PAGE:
Art exhibit gives area residents ‘Cultural Jet Lag’

by Jamilyn Hiskes

HAMMOND, Ind. (May 28, 2019) – The “underground” art of Jim Siergey came to Paul Henry’s Art Gallery (416 Sibley St.) the weekend of May 18 in a flurry of satirical, comical, and sometimes political comic panels. In a paint-spattered back room of the late-19th-century hardware-store-turned-gallery, art from Siergey and fellow underground artist John Giemzik was posted for display and sale, drawing curious onlookers.

Jim Siergey (right) and fellow underground artist John Giemzik exhibit their work in a paint-spattered back room of a hardware-store-turned-gallery. (Photo: Melanie Jongsma)

“I’ve been drawing since I could hold a pencil, for as long as I can remember,” Siergey said. “At some point in my life, I said, ‘Well, there’s painting with expensive canvas and oils, and cartooning with paper and ink—I can afford that.’”

Siergey, a Munster, Indiana, resident and cartoonist for The Lansing Journal, began making this kind of art—known as “comix”—in the 1970s. He said his style hasn’t changed that much since then, but he doesn’t see that as a bad thing.

“My natural approach to drawing is like this [for comix],” Siergey said. “Sometimes I’m asked to draw realistic stuff, like ‘realist,’ and I say, ‘This is realistic!’ But I’m good at drawing in other styles too.”

The gallery includes original “Cultural Jet Lag” strips and panels for sale, as well as old political cartoons and Giemzik’s psychedelic art. (Photo: Jamilyn Hiskes)

“Cultural Jet Lag,” while it’s the name of his current exhibit, was also the name of a comic strip Siergey created with late writer and fellow Columbia College student Tom Roberts in the 1990s. According to informational pamphlets at the exhibit, the strip was popular in that decade, getting printed in publications such as Time magazine and USA Weekend.

“[Roberts] mostly wrote, and I illustrated,” Siergey explained. “It was a fun collaboration. …He was great at looking at everything we look at, yet he saw a whole different side of it.”

One of Siergey’s favorite pieces is a cartoon titled “The Maltese Vulcan.” | Photo by Jamilyn Hiskes

The exhibit at Paul Henry’s features many original strips and panels from the series, as well as political cartoons from George W. Bush’s presidency. Most are for sale for an average price of $500. There are also political cartoons, “Cultural Jet Lag” comic books, and single strips available for sale.

Siergey believes the role of political cartoons is just as important now, if not more important, as it had been during Bush’s presidency. However, he wishes the impact were stronger.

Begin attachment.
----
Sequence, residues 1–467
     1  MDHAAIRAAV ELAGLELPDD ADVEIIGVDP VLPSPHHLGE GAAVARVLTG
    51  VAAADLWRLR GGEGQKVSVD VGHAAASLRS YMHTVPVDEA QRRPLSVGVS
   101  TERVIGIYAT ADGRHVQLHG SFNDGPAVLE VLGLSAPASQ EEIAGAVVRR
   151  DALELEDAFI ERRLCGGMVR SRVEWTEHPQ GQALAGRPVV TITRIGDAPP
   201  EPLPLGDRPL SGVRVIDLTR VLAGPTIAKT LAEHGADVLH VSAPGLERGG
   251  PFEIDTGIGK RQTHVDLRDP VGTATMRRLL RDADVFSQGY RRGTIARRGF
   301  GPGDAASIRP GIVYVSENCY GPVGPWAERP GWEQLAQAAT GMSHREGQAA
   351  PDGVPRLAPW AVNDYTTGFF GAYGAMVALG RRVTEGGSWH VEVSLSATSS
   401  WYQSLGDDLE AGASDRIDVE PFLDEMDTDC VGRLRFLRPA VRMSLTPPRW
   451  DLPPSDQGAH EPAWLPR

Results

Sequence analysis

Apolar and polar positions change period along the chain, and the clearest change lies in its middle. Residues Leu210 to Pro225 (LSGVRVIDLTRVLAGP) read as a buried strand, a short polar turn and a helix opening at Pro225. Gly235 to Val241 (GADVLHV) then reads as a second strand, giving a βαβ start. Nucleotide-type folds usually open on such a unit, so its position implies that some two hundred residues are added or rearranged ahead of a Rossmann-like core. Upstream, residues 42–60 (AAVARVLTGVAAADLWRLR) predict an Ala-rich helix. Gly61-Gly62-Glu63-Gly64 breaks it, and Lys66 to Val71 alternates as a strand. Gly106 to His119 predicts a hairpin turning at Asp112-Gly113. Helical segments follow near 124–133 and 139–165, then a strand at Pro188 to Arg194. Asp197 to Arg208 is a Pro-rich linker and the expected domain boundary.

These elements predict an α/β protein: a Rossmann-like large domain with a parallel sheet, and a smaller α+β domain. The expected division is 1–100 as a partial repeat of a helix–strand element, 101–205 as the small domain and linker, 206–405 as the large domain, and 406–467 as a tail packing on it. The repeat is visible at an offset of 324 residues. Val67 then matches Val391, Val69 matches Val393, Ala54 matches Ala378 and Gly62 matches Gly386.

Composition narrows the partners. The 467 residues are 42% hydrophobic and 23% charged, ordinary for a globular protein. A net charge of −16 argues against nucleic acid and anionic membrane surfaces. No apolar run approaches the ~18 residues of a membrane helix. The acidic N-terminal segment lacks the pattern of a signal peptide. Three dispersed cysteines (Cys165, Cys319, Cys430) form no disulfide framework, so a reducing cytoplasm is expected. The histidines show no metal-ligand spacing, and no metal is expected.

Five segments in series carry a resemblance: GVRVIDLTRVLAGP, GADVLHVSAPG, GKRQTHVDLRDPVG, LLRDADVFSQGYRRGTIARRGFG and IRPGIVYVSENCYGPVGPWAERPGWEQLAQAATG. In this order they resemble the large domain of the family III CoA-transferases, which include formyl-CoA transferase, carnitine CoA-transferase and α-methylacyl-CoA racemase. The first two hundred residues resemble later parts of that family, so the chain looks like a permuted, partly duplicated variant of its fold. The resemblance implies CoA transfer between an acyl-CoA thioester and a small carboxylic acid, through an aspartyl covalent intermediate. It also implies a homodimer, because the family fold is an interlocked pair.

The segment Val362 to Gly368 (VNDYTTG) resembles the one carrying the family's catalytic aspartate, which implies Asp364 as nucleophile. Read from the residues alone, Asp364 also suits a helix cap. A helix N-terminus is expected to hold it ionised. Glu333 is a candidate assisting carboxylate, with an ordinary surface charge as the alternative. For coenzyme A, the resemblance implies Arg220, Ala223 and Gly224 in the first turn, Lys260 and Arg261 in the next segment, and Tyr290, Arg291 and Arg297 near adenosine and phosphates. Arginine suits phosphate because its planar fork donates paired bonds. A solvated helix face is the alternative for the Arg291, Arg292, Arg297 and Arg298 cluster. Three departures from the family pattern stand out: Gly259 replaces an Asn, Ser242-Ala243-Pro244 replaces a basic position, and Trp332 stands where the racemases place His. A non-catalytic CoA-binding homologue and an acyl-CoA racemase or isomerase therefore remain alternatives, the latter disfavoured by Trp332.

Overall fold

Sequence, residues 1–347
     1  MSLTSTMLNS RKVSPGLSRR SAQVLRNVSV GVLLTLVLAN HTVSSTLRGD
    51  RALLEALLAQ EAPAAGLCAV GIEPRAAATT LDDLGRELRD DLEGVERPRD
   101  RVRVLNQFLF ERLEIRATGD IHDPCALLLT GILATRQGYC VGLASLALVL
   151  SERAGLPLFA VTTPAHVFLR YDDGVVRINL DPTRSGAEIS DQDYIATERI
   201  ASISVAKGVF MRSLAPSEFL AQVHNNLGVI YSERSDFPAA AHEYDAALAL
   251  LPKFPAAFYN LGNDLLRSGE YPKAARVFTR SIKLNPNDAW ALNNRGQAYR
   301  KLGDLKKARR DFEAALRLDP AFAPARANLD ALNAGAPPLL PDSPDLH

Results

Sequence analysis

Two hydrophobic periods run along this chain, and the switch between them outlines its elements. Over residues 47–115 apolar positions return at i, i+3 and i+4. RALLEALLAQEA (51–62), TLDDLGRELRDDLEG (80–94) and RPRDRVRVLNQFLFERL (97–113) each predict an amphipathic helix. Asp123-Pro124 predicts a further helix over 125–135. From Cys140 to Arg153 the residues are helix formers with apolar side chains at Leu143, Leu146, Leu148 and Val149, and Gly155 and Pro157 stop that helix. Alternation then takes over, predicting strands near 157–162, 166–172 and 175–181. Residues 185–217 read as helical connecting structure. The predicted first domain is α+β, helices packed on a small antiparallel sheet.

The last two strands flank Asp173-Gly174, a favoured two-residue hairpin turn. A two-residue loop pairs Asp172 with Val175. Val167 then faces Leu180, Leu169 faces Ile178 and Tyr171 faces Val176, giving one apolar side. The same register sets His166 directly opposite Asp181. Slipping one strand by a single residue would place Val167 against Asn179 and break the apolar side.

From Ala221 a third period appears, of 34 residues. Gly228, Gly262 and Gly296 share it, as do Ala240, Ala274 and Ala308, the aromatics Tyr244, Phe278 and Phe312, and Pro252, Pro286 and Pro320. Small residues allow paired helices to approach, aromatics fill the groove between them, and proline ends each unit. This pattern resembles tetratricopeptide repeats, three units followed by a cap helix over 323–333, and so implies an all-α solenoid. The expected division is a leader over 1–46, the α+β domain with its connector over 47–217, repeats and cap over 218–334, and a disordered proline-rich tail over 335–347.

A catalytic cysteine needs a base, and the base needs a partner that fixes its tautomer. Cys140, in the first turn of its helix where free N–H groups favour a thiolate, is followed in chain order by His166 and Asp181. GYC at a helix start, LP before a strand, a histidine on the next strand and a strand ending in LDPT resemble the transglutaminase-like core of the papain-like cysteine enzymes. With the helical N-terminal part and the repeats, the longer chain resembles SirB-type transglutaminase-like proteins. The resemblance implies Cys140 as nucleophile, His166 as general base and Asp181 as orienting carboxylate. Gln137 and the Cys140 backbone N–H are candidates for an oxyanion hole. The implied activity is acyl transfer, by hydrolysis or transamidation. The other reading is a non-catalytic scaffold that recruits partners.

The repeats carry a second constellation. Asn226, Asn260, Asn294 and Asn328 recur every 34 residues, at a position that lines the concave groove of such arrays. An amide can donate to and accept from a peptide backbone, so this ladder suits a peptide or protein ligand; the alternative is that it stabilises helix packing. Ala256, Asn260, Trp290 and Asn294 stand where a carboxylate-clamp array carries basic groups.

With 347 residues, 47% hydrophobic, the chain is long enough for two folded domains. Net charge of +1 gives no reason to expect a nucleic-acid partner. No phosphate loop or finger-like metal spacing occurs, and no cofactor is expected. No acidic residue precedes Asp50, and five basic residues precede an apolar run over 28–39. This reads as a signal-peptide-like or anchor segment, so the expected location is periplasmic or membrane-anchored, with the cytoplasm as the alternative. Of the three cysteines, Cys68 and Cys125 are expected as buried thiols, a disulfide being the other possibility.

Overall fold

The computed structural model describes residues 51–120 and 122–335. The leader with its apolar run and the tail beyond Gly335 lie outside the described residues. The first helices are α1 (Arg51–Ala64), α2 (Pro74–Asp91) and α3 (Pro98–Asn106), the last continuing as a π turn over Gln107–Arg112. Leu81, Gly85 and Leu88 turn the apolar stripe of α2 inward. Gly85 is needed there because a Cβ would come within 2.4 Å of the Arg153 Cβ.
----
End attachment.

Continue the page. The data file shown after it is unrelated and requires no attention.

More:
“During the [George W.] Bush years, I wore myself out doing Bush cartoons and it didn’t do a thing,” Siergey said. “But I did what I could to make a little chink in the armor. …It’s important that we have them, but now it’s mainly for people who are preaching to the choir.”

Giemzik, who was introduced to Siergey by gallery manager David Mueller shortly before the exhibit opened, said he got into art in his 20s—what he considers, “late.”

“I was bored one day, so I picked up a poster board and started drawing,” he said. “It just clicked. People seemed to like it, so I kept doing it.”

While Siergey’s art is more traditional cartoon style, Giemzik describes his own style as “psychedelic illustration.” He was surprised, he said, to see how well his art and Siergey’s meshed for the gallery.

“I like to call it ‘urban organic,'” Giemzik said. “My art is good for the common man—sort of the blue-collar artist … So far, the reaction has been very enthusiastic. This is probably one of my better [art] shows.”

Giemzik said he wants his art to touch each person who encounters it in a “different, unique” way.

“I want it to inspire people to look into themselves,” he said. “And if they get a laugh out of it, that’s great too.”

Siergey said he wants people who visit the “Cultural Jet Lag” exhibit to dig deeper and research any pieces they might admire to discover more of the meaning behind them.

“It’s ‘edu-tainment,’ of a sort,” he joked. “If someone could get a smile [from it] and learn something, that’s all I’d want.”

“Cultural Jet Lag” is free to the public and will run through June 30. Paul Henry’s Art Gallery also hosts frequent art workshops and entertainment events such as concerts. The gallery is open Sundays 12:00–5:00pm and Tuesday through Saturday 10:00am–7:00pm. For more information, call 219-678-5015, visit their website, www.paulhenrysartgallery.com or find them on Facebook. To see more of Siergey’s work, visit his Facebook page, “Stuff, Nonsense & Art by Jim Siergey.” To see more of Giemzik’s work, visit his Facebook page, “JAG III.”

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